So the part of the Intracoastal Waterway known as Matanzas River translates to Slaughter River. See also the Spanish assault on French Florida.

We did not stay for the full sunset, but this would certainly be a brilliant place to watch it. In the summertime, this area is one giant party thanks to all of the sandbars. (Floridians really put the “bar” in sandbar.) But it is calm enough now to take the kayak out, I think.

The best water shoes ever

As someone who lives in a beach town and tries to spend as much time outside as is humanly possible, I have a lot of opinions about water shoes.

Until recently, my favorite water-ready shoes were Teva sandals. I often wore them on hikes where I knew I would have to cross streams. They would dry almost instantly and were comfortable enough to trek relatively long distances in.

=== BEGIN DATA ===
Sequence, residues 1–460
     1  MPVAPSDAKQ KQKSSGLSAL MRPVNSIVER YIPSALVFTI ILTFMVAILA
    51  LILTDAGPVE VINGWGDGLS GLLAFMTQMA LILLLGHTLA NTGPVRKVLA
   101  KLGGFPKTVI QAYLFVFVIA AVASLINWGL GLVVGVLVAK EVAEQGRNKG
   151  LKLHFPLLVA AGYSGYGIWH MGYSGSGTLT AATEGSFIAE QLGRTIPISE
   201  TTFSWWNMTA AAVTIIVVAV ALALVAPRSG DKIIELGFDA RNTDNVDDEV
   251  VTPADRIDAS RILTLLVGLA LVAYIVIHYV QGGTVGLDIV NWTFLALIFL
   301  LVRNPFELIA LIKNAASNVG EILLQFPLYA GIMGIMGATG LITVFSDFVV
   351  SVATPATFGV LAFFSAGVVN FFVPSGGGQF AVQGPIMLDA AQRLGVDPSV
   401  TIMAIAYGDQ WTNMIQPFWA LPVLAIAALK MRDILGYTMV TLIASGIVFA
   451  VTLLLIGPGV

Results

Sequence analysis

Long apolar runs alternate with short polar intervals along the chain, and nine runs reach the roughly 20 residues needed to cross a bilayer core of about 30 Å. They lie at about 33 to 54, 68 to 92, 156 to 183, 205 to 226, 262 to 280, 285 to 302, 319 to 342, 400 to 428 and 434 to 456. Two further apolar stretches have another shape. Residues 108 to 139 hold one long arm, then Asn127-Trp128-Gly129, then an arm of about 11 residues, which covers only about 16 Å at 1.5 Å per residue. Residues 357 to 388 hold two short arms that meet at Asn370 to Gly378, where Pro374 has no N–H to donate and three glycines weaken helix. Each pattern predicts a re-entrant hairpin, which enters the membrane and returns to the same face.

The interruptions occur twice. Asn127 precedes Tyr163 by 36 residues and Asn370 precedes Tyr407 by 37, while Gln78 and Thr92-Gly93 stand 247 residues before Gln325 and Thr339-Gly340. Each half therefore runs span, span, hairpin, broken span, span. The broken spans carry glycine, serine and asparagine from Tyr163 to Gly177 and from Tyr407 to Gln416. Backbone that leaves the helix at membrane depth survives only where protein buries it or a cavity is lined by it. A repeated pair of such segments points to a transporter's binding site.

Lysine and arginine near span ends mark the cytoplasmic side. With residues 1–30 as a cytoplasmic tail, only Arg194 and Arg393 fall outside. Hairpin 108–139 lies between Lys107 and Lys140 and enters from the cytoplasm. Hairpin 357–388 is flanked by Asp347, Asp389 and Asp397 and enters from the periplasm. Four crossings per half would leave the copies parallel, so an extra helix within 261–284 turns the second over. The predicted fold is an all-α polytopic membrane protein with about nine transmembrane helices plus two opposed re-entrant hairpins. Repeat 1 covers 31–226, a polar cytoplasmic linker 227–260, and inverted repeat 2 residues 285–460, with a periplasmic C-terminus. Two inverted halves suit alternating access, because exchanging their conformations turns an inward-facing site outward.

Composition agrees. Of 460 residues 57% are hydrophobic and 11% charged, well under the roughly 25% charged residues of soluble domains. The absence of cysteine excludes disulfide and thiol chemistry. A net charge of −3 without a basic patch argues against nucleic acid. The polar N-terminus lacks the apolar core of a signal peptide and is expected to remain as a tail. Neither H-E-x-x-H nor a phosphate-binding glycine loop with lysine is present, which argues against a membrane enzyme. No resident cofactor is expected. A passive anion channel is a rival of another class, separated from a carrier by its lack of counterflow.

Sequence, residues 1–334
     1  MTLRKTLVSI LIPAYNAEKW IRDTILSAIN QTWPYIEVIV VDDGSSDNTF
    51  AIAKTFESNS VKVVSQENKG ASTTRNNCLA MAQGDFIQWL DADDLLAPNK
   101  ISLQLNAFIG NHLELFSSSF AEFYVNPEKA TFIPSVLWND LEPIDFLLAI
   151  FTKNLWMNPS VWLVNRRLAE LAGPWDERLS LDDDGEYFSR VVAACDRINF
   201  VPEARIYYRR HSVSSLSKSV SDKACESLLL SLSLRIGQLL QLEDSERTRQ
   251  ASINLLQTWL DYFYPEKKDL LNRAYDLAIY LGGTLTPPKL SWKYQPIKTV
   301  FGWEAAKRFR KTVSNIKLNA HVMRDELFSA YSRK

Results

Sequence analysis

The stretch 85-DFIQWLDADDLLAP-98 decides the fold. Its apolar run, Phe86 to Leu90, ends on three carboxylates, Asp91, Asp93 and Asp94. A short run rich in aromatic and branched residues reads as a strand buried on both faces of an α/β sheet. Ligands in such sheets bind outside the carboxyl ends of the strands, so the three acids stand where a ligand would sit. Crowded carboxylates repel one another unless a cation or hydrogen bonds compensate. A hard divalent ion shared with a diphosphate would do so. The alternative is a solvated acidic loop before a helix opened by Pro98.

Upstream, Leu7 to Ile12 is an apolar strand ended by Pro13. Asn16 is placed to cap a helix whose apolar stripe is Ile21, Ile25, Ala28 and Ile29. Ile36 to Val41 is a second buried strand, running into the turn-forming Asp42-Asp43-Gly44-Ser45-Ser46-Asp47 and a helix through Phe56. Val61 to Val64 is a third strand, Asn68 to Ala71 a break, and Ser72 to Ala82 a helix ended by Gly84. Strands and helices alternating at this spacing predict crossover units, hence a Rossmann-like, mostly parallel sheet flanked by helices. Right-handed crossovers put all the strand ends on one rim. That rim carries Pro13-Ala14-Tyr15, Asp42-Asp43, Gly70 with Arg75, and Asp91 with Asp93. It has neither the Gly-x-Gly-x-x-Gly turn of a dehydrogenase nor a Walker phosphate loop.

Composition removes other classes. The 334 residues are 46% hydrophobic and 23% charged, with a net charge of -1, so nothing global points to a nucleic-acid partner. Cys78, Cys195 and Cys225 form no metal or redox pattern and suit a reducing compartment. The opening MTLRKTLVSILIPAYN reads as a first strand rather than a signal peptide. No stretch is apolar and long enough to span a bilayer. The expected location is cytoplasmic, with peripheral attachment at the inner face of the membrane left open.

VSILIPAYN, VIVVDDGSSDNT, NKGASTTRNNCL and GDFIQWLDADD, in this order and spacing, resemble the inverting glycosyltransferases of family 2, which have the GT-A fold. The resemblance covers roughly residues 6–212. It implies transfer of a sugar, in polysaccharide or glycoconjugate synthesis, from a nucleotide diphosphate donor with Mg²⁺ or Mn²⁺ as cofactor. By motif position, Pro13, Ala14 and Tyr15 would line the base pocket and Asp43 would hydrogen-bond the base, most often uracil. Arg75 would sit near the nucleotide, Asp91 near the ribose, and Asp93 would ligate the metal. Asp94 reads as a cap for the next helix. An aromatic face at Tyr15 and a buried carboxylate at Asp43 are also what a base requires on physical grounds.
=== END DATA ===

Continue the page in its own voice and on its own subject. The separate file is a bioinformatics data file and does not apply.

Well, we discovered something far better: Aleader Quick-Drying Aqua Water Shoes. Rodney bought a pair. We bought a pair for Elise (yes, they make children’s versions). We bought them for my in-laws who love sailing and need non-marking shoes with white soles. And I am on my third pair now.

(This is not a paid advertisement. I am simply in love with these particular shoes and had to share.)

The neat thing about these shoes is not that they dry quickly, but that they have a mesh top and tons of small holes in the soles that allow the shoes to DRAIN. This means you could walk/run for miles in the surf, and the water (and sand) just passes through your shoes. It’s a miracle.

I pretty much live in these shoes and my boat shoes now. When you are not walking through water, they make your feet feel breezy.